It Is By Now No Secret Rejoinder

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Clearly, Dan Ross and I agree on the affirmatives: We love Israel, and we want to see it succeed as a “country of lofty ideals.” Even more than that, we probably share a sense of what those ideals look like, and I applaud him for his forward gaze. It appears, additionally, that we agree that our Western interlocutors, as defined by Ross, do not go out of their way to question Israel’s right to exist. But here’s where I think we disagree: the West’s acceptance of Israel as a Jewish state—not Netanyahu’s call for a diplomatic formulation as such but, more generally, the concept itself.

To be sure, the institutions of Israel’s statehood are firmly in place, and the West generally accepts that fact. And I am not an alarmist about the threats to Israel’s existence.

But I’m not at all sure that Europeans, just as an example, feel that the Jewish character of the state has any legitimacy, nor that that character is worthy of promotion or defense. Closer to home, the Presbyterian Church recently published the controversial “Zionism Unsettled,” a study-guide and DVD that questions both the current policies of Israel and its Jewish character.

More to the point, “Zionism Unsettled” conflates those policies and character as morally and inevitably twinned, and therein lies the difficulty. We progressive Zionists hold that Israel embodies a simultaneously (if imperfectly) Jewish and democratic character, and that destructive or short-sighted policies do not fundamentally belie or de-legitimate it. As such, we struggle against the policies, while we defend the state and its particular character.

I believe that, between these two positions, most people outside of the United States follow some variation on “Zionism Unsettled.” That is, they perceive the progressive Zionist position to be either paradoxical or quixotic and, in any case, impossible to uphold. They oppose the same policies that we progressive Zionists oppose. But insofar as they see those policies as a natural outgrowth of Zionism, they point to them as proof of the illegitimacy of Zionism itself.

And I believe that a subset of American Jewry is increasingly inclined to agree—passively, superficially or only incipiently—but to agree nonetheless.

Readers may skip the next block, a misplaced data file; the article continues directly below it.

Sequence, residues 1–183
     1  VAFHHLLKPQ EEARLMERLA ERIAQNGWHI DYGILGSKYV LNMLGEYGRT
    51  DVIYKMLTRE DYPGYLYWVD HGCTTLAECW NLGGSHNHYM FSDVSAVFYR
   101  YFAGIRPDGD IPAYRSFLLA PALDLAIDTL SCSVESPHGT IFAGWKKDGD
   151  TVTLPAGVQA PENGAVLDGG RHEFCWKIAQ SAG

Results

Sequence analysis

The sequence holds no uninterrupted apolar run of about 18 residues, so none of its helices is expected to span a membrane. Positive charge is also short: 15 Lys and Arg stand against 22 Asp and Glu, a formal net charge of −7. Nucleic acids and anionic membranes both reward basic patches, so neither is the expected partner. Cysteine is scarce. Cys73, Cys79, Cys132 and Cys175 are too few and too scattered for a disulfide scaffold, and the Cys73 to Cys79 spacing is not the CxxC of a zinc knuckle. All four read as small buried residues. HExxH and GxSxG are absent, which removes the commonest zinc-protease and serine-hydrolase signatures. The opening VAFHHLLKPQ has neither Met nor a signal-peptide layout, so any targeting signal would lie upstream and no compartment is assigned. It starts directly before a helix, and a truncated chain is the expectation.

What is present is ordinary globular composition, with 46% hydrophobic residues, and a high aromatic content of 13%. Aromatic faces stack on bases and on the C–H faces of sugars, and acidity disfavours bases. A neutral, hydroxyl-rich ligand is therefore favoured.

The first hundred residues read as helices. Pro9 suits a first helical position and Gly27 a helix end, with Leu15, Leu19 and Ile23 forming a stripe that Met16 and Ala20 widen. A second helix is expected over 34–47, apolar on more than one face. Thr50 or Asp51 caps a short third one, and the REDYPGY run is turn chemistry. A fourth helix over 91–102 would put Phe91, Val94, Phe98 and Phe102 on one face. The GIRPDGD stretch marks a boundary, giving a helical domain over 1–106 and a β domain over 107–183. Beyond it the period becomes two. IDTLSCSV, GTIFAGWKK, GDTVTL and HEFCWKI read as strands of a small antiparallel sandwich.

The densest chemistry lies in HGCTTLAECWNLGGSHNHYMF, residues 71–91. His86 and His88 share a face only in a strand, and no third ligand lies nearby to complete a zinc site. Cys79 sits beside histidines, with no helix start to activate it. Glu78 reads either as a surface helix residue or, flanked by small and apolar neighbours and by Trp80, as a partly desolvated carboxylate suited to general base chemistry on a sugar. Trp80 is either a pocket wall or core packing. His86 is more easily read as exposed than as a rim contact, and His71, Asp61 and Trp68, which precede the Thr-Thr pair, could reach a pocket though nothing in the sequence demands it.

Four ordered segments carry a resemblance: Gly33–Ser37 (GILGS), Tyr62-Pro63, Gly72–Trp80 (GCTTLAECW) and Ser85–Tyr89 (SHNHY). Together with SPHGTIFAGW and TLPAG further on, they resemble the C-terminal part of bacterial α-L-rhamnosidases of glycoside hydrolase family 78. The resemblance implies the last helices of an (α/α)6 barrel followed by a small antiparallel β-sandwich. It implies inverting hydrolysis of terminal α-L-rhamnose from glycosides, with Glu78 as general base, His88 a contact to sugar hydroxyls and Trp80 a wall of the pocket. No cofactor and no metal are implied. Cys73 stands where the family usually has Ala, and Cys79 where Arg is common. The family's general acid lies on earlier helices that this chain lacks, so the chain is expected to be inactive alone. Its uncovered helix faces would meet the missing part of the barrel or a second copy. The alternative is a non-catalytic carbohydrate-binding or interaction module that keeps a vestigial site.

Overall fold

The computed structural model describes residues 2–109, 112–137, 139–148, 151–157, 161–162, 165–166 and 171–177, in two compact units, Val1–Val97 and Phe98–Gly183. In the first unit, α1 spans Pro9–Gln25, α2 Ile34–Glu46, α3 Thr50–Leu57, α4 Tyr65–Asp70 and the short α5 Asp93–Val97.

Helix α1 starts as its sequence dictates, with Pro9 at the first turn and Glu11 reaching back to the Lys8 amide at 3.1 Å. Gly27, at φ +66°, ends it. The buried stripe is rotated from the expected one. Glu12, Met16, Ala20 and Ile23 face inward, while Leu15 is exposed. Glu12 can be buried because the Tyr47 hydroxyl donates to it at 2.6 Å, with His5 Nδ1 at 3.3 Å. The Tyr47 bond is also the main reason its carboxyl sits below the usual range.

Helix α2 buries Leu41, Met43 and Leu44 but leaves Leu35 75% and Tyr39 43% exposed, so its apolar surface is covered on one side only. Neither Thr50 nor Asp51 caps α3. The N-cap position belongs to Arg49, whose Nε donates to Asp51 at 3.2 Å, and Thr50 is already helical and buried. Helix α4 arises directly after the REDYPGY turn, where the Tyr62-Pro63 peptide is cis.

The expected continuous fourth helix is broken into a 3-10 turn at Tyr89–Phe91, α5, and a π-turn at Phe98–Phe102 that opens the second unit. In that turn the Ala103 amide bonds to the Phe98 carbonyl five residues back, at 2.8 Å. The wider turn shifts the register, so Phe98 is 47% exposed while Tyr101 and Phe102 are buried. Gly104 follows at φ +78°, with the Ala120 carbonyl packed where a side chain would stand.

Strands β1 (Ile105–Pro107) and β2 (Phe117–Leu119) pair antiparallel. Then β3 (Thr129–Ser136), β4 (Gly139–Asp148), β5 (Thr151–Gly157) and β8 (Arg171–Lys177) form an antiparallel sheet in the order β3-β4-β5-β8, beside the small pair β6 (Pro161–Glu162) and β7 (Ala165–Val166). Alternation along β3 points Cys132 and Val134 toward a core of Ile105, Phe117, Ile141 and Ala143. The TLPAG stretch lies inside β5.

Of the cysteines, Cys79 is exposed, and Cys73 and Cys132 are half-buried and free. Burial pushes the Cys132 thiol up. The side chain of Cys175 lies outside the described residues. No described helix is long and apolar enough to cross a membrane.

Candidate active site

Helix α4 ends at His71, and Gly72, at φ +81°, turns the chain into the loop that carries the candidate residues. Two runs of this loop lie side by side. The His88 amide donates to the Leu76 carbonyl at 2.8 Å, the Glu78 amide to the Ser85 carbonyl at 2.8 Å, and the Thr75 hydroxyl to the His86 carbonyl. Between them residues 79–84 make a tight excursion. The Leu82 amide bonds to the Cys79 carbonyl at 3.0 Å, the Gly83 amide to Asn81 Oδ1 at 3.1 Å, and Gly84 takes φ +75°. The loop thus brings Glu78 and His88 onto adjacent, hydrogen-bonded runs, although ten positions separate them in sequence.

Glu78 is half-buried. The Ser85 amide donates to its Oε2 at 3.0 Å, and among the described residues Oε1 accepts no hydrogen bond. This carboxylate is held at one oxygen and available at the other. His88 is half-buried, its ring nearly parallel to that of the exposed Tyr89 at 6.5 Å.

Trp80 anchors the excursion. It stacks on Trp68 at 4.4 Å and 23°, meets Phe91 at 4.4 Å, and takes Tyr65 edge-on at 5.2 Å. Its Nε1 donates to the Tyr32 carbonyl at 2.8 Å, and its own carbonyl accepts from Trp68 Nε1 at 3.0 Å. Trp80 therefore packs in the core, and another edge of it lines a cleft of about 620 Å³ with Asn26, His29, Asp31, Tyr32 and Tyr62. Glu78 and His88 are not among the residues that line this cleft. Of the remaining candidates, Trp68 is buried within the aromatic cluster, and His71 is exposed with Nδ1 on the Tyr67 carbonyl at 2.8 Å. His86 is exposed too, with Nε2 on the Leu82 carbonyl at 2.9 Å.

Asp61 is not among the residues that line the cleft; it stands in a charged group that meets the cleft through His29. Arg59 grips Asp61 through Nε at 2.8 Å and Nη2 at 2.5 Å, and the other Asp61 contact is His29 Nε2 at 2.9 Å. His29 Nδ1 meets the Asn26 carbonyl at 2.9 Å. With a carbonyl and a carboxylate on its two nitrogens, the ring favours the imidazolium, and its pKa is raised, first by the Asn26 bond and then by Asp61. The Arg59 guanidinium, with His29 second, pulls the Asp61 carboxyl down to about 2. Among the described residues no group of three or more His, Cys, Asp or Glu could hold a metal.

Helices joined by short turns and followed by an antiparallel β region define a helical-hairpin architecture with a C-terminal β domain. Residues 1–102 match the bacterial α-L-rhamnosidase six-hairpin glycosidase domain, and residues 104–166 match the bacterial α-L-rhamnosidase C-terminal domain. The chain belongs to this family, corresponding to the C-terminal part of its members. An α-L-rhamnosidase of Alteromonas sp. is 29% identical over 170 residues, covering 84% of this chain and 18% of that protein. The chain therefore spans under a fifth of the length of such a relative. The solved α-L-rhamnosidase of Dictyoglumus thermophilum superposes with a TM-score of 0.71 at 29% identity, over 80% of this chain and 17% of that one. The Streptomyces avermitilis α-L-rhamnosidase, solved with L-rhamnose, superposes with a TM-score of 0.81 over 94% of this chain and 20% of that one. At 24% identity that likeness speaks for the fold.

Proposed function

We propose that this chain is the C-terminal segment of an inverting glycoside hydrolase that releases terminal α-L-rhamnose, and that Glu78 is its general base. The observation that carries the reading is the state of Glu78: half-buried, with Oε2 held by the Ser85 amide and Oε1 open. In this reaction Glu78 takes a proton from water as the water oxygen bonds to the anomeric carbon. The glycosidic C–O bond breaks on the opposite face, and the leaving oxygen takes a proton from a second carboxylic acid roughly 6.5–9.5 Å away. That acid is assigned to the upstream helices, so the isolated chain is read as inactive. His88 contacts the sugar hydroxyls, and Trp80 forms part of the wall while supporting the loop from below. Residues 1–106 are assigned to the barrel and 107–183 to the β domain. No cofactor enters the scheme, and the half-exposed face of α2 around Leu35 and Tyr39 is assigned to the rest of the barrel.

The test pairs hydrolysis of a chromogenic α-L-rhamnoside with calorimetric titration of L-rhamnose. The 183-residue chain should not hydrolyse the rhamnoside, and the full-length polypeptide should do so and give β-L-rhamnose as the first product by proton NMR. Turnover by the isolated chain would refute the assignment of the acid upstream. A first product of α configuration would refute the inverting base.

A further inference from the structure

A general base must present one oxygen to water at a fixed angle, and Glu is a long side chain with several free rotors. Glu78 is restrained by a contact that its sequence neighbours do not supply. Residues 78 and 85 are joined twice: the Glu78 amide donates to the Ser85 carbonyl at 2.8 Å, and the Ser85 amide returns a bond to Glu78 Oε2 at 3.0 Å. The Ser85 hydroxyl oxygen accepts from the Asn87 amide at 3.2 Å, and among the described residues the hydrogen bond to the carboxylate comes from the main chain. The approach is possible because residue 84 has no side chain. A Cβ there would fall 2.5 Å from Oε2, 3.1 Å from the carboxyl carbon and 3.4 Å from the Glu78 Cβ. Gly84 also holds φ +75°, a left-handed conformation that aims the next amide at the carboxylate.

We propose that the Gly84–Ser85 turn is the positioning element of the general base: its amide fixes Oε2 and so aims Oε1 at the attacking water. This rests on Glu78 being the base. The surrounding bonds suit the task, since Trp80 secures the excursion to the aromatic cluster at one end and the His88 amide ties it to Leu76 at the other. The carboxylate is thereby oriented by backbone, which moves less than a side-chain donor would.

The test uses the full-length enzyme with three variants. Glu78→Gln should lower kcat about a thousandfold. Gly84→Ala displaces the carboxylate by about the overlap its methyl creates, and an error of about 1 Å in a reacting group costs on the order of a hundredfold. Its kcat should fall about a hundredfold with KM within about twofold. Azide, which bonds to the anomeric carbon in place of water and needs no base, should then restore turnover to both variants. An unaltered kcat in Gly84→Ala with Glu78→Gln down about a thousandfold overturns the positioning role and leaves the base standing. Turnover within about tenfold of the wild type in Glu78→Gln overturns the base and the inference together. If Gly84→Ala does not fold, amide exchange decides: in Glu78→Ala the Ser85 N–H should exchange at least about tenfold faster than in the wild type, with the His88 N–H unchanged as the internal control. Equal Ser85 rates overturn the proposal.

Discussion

So, when Ross specifically queries “to whom Dr. Holo believes we should be addressing ‘our Zionist assertions with sufficient confidence, information and conviction,’” I answer, as I had attempted to do in my initial posting: American Jewry. Secondarily, as per this posting, I might also address our Western interlocutors.

And here is my message: I am in unqualified agreement with Ross and his call to look to the future. And I want something additional, as well. I want progressive Zionists to re-articulate the Jewish claim to sovereignty, because it’s a compelling argument, and because American Jews may be losing sight of it. And yes, it is fundamentally an historical argument, but without it, Israel as such has no future to aim for.

Dr. Holo is the Dean of the Los Angeles Campus and Associate Professor of Jewish History at HUC-JIR/LA. He served as Director of the Louchheim School of Judaic Studies from 2006-2010. Dr. Holo’s publications focus on Medieval Jews of the Mediterranean, particularly in the Christian realm. His book, Byzantine Jewry in the Mediterranean Economy, was published by Cambridge University Press in 2009.


Response to Dean Holo

To read Dan’s original post, click here

To read Dean Holo’s response, click here.


In response to Dr. Holo’s, assertion that many in my generation do not identify with the foundational Zionist claim, I ask why should we be?  I’m not entirely certain to whom Dr. Holo believes we should be addressing “our Zionist assertions with sufficient confidence, information and conviction.”

The world’s most prominent anti-Zionists—those who reject the foundational Zionist claim—are not amongst the ranks of those with whom we find ourselves arguing about Israel on a regular basis; rather, they reside in Tehran and Cairo and Riyadh and Ramallah.  And the folks in those towns are not going to be convinced of the foundational Zionist claim any time soon.

Instead, the key aspects of the current political conversation in the West surrounding Israel are the peace process with the Palestinians, the continued occupation of the West Bank, and the appropriate response to the Iranian nuclear program.  While the Palestinians, Iranians, and the other nations of the Arab and Muslim world may continue to question Israel’s right to exist, they are not party to our Western debates.